Allergies in Horses
By Jessica-Lee Bessemer, Freelance Writer
It’s that time of year again; your nose is running, you’re sneezing, coughing and just miserable with your seasonal allergies. Just like us, horses experience allergies as well, and it can be the type of allergy that causes coughing and runny noses or the type of allergy that irritates the skin. 
Horses can develop multiple types of symptoms when dealing with allergies. Some of the more common symptoms include tearing eyes, coughing, or raised bumps on the horse’s shoulders. Sometimes horses may act like they are not feeling well and in this case the horse owner must be attentive and understand when the horse is acting unusual. The veterinarian can tell if a horse is suffering from equine allergies or another equine illness. 
Sometimes equine allergies can be tough to diagnose as they can take years to fully develop. Normally veterinarians will ask you to find out if the horse has a history of allergies before purchase. 
What Causes Equine Allergies?
Just like humans, a horse’s natural environment can cause allergies. They are exposed to dust, mold and different allergens all day long. In pastures there are many different proteins that may cause allergies. Normally, horses with healthy immune systems fight off the allergic reaction, but this is not in every case. Certain foods like hay or grain can also trigger an allergic reaction in horses as well as insect bites and nutritional supplements. 
While some allergies can be minor and seasonal, others may be more severe and life-threatening causing cardiovascular and respiratory problems. When a horse is experiencing respiratory problems due to allergies, the horse will often heave and cough consistently. They may experience problems with daily exercise and have a nasal discharge to accompany the allergy. Often the pollen, dust and mold found in stables are the cause of the respiratory allergy. Taking the horse out of the stable is normally the first step in treatment. It’s also important to change hay and bedding in their stall. Some horses with severe allergies sleep on mats to avoid the hay and/or bedding. If the hay is the likely cause of heaving, soaking the hay in water can help to remove unwanted spores. Some owners may need to take hay out of their horse’s diet if the allergy cannot be controlled.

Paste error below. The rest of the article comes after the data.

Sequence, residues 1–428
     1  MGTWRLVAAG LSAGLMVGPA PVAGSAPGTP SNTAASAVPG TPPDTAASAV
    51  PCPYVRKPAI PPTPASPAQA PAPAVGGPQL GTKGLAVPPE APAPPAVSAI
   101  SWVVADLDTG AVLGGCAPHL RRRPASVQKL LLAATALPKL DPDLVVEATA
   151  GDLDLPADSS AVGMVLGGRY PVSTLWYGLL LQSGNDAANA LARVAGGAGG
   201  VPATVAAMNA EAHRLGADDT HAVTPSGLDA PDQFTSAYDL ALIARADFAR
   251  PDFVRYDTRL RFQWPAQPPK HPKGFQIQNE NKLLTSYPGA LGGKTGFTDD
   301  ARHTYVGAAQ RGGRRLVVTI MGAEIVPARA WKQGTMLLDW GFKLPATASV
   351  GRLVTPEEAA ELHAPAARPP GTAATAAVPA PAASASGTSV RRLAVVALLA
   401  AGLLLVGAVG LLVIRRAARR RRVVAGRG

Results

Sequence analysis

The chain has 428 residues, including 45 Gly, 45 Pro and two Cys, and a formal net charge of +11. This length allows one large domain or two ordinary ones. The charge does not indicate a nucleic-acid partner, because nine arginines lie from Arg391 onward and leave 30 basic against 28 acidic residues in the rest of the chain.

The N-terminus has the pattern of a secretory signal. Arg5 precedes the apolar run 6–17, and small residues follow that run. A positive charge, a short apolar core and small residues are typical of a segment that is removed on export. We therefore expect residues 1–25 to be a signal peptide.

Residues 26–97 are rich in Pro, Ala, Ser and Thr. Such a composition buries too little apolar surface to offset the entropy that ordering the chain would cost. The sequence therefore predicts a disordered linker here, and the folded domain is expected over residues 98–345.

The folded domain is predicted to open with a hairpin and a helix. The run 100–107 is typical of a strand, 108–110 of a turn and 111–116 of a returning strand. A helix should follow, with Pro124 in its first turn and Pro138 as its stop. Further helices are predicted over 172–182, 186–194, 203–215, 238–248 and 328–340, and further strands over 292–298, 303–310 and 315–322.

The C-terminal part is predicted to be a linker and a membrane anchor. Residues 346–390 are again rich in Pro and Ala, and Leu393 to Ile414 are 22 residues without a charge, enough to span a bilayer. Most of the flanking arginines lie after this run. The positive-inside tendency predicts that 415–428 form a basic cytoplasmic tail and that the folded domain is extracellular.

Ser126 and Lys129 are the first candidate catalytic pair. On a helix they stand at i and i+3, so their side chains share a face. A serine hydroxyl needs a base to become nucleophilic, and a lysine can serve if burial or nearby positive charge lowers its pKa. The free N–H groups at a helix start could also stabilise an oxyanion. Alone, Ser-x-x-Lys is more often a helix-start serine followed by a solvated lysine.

Skin allergies are amongst the most common type of equine allergy. They normally appear 12 to 24 hours after the horse is exposed to the allergen and appear in hives. You will normally find them on the neck and shoulders, and some horses may experience a fever and itchiness in addition to the hives. Insect bites, such as mosquito or gnat bites can cause skin allergies to occur. 
It’s always important to consult your veterinarian to diagnose your horse’s allergy, but here are some herbal treatments that can be helpful in treatment and prevention.
Mo Lung Powder & Allergy Blend:
Mo Lung Powder is a natural blend of Chinese herbs which may assist oxygen flow more freely to the lungs. When a horse is experiencing heaving or coughing, this can ease these symptoms and can make riding and exercise more tolerable. 
Allergy Blend promotes a stronger immune system. It may help coughing and improve the impurities in the blood. When used in conjunction with Mo Lung, this can be effective at controlling heaves and coughing. This can also help to control skin allergies and relieve itching. 
- “Horse Allergies, Symptoms, Causes and Treatments of an Equine Allergy,” http://www.horses-and-horse-information.com/articles/0395allergy.shtml
- “Mo Lung,” Hope Equine Products,” www.hopeequineproducts.com
- “Allergy Blend,” Hope Equine Products,” www.hopeequineproducts.com